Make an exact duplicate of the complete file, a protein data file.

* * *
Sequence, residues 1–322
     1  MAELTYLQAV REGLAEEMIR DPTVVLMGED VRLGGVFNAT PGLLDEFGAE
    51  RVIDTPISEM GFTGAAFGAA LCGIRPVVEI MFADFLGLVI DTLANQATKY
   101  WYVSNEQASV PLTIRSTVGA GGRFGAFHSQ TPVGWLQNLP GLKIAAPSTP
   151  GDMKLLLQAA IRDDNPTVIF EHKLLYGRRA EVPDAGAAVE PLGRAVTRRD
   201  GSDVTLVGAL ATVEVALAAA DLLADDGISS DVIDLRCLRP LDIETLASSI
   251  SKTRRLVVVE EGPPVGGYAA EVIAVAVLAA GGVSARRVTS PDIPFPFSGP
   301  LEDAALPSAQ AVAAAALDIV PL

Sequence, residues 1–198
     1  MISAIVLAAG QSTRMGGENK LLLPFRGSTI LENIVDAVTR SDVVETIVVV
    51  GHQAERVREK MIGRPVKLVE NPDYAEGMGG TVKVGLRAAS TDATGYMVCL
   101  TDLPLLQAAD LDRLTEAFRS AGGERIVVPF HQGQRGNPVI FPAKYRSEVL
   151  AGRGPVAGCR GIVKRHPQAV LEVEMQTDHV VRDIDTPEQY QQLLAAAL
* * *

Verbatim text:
Sequence, residues 1–322
     1  MAELTYLQAV REGLAEEMIR DPTVVLMGED VRLGGVFNAT PGLLDEFGAE
    51  RVIDTPISEM GFTGAAFGAA LCGIRPVVEI MFADFLGLVI DTLANQATKY
   101  WYVSNEQASV PLTIRSTVGA GGRFGAFHSQ TPVGWLQNLP GLKIAAPSTP
   151  GDMKLLLQAA IRDDNPTVIF EHKLLYGRRA EVPDAGAAVE PLGRAVTRRD
   201  GSDVTLVGAL ATVEVALAAA DLLADDGISS DVIDLRCLRP LDIETLASSI
   251  SKTRRLVVVE EGPPVGGYAA EVIAVAVLAA GGVSARRVTS PDIPFPFSGP
   301  LEDAALPSAQ AVAAAALDIV PL

Sequence, residues 1–198
     1  MISAIVLAAG QSTRMGGENK LLLPFRGSTI LENIVDAVTR SDVVETIVVV
    51  GHQAERVREK MIGRPVKLVE NPDYAEGMGG TVKVGLRAAS TDATGYMVCL
   101  TDLPLLQAAD LDRLTEAFRS AGGERIVVPF HQGQRGNPVI FPAKYRSEVL
   151  AGRGPVAGCR GIVKRHPQAV LEVEMQTDHV VRDIDTPEQY QQLLAAAL